Wednesday, June 26, 2013

Housing trends in Pittsburgh

(Verbatim) From our friends at the Cleveland Fed:


The Community Development team has just released updated Community Stabilization Index (CSI) maps for the Pittsburgh MSA using January 2013 data.*

If you are unfamiliar with the Index, the CSI is a composite index of housing variables that compares zip codes within a region on their relative intensity of housing distress.  We created the first set of maps using June 2011 data; we update the maps every six months.  Maps showing the Pittsburgh MSA, along with maps that show 11 other Fourth District counties and regions, can be viewed
You'll find a more in-depth description of the index and its variables here<>.

A brief analysis of regional CSI trends in the Pittsburgh MSA follows:

1.       90 Days or More Delinquency Index: The region's delinquency rate has declined from its peak of 3.7% in January 2010 to 2.8%.  This delinquency rate remains below the state average of 3.1%.  The highest rates are in Fayette County (Dunbar and Franklin Townships) and inner-ring suburbs east of Pittsburgh (Penn Hills Township and McKeesport), while the lowest rates are in eastern Allegheny County and southern Butler County.  Compared to January 2012 the largest increases occurred in several communities east of Pittsburgh (Duquesne and North Braddock) and the largest decreases have occurred in several communities in Fayette County and northeast Butler County.

2.       Foreclosure Index: The region's foreclosure rate, like its delinquencyrate, has also declined from its peak of 2.9% in August 2012 to the current rate of2.4%.  This also remains significantly lower than the state average of 3.3%.  The highest rates are seen in several communities in eastern Westmoreland County and northern Armstrong County, while the lowest rates are in western Allegheny County and southern Butler County.  Compared to January 2012, a number of zip codes are seeing slight increases in their foreclosure rates, but close to 80% of the region's zip codes remain below the statewide foreclosure rate.

3.       REO Index:  Only ten 10 zip codes contain REO rates greater than 2%.  Compared to January 2012, almost 20% of the region's zip codes saw an increase in their REO rates.  However, most of the changes were less than 0.60 percentage points.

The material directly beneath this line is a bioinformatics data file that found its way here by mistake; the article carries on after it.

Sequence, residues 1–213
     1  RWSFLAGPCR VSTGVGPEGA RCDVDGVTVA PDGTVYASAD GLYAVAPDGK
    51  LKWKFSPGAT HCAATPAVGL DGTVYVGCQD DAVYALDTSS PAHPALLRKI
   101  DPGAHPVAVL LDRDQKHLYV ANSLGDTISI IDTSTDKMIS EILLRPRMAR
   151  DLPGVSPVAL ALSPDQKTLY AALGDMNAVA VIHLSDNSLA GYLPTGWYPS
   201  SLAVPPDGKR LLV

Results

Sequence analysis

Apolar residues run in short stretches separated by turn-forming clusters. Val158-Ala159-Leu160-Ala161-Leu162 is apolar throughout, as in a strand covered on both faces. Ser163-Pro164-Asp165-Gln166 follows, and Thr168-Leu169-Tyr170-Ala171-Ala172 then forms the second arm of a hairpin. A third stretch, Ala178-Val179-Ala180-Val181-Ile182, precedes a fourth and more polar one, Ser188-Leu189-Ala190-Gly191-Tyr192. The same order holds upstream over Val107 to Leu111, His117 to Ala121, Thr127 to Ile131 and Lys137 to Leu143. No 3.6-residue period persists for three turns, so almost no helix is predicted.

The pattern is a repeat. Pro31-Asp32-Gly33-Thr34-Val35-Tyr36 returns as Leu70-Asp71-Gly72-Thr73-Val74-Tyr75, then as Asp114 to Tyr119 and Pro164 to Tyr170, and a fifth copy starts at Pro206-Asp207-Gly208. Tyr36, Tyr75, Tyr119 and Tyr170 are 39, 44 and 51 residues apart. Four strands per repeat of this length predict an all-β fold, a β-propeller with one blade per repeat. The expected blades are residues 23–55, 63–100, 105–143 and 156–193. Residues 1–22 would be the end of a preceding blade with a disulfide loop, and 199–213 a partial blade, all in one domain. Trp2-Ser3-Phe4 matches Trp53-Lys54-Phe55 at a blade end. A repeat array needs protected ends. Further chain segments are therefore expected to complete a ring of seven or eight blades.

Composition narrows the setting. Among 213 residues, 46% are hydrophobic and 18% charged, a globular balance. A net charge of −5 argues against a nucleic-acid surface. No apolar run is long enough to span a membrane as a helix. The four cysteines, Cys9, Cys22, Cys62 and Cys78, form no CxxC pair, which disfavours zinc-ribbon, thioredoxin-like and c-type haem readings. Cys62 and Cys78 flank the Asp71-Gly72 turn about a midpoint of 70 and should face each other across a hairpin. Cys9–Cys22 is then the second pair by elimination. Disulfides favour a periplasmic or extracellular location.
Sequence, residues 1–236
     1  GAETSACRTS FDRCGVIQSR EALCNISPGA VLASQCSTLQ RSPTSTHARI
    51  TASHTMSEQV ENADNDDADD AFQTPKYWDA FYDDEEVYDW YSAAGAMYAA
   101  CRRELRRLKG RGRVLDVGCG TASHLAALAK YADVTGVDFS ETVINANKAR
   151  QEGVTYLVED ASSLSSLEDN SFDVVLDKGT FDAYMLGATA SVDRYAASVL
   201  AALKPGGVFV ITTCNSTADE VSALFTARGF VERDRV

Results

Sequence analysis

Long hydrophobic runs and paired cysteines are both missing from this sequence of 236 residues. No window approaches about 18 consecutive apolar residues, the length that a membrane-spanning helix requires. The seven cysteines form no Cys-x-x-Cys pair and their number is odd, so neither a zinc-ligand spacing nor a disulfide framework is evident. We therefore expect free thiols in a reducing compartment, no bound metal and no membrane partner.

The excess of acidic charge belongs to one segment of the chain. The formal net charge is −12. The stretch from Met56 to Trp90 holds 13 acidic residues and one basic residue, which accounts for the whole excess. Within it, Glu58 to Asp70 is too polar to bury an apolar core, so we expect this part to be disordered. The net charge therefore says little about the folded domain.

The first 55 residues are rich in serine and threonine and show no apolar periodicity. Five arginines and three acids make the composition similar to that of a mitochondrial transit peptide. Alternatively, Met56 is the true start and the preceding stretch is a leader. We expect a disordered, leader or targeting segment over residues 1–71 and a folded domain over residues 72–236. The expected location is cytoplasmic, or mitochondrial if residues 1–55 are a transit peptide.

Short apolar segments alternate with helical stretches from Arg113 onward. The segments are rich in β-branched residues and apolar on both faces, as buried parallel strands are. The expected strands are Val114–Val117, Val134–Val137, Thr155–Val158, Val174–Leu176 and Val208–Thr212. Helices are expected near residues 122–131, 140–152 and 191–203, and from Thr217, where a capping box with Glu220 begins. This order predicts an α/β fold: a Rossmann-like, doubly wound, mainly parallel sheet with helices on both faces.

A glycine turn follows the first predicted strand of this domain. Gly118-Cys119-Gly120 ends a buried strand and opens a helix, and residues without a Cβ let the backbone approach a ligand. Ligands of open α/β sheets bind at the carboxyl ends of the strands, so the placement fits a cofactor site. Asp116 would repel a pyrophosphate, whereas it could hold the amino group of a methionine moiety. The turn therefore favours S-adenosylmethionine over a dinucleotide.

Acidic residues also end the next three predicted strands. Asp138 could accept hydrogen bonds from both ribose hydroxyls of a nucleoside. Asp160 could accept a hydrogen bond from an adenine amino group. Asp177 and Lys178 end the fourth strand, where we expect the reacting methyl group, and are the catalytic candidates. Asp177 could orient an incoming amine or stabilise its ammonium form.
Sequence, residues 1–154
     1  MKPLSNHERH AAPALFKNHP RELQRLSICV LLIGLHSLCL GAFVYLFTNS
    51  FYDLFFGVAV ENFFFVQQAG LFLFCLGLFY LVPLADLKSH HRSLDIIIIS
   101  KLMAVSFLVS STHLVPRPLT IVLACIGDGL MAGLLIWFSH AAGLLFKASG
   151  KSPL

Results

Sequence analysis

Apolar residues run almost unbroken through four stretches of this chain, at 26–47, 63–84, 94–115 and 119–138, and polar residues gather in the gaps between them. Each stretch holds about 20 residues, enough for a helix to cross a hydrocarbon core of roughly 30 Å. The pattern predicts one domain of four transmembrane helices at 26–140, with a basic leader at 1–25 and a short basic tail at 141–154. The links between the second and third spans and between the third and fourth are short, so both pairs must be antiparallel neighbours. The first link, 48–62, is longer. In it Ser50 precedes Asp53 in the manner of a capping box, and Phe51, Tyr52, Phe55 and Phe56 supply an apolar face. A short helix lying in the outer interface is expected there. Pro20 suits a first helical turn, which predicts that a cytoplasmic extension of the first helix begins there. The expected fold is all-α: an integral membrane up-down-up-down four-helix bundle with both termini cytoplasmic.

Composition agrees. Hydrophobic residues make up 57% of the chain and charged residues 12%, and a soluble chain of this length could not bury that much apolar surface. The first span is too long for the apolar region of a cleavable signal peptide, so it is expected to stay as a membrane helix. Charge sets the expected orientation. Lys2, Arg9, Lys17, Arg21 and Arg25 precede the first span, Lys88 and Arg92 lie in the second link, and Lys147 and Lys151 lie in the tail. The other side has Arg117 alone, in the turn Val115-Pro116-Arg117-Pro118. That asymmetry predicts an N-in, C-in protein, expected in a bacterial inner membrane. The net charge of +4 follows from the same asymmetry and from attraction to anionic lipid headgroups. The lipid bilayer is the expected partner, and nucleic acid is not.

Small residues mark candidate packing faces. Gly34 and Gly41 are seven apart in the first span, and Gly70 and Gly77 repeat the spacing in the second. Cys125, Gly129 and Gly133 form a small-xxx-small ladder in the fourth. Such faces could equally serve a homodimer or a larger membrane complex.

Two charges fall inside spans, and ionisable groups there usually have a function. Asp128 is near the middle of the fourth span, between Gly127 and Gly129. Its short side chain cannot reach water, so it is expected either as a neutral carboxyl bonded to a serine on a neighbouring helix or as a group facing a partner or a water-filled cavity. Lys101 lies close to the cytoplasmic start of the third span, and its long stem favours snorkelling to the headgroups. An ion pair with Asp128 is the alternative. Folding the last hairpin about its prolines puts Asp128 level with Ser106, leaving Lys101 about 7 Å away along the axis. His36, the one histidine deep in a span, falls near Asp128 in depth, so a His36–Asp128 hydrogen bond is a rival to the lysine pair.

4.       Home Value Change Index: From 2005 to 2012, only 5% of the zip codes with reported data saw a decline in home value.  The trends are more volatile whencomparing 2011 to 2012, as roughly equal numbers of zip codes showed increases in  home values as showed decreases.

5.       Originations to Shadow Inventory Index (SI): According to this indicator, a zip code with more mortgage originations per distressed units indicates a sign of recovery.  This ratio is highest in communities in western Allegheny and southern Butler counties, and lowest in northeastern Armstrong County.

6.       Credit Delinquency Index: The highest credit delinquency rates are in Pittsburgh's eastern inner-ring suburbs and northern Westmoreland County, while the lowest are in communities north and southwest of Pittsburgh.  No clear pattern is discernible when comparing rates to January 2012.

7.       Community Stabilization Index: Overall, the region's delinquency and foreclosure rates are below the state averages and many communities are seeing stable or rising home values; this bodes well for the region's future.  That being said, there are still several communities in Fayette and Armstrong counties, as well as just east of Pittsburgh, that face high levels of distress.


Anonymous BrianTH said...

Interesting that with the exception of the East, generally the farther out in the suburbs/exurbs, the worse the numbers tend to be.

The City is a bit of a mixed bag, as you would expect, but where it is doing well by these measures it is doing VERY well (perhaps also as you would expect).

Thursday, June 27, 2013 9:53:00 AM  
Anonymous BrianTH said...

By the way, Wilkinsburg on the Home Values map looks like an extension of the East End. It doesn't do quite as well on some of the other measures, but it is still doing consistently better than, say, Penn Hills, resulting in an overall decent CSI.

Just thought that was worth pointing out given our recent discussions of whether or not there might be some benefit to the City in a school district merger with Wilkinsburg.

Thursday, June 27, 2013 10:00:00 AM  

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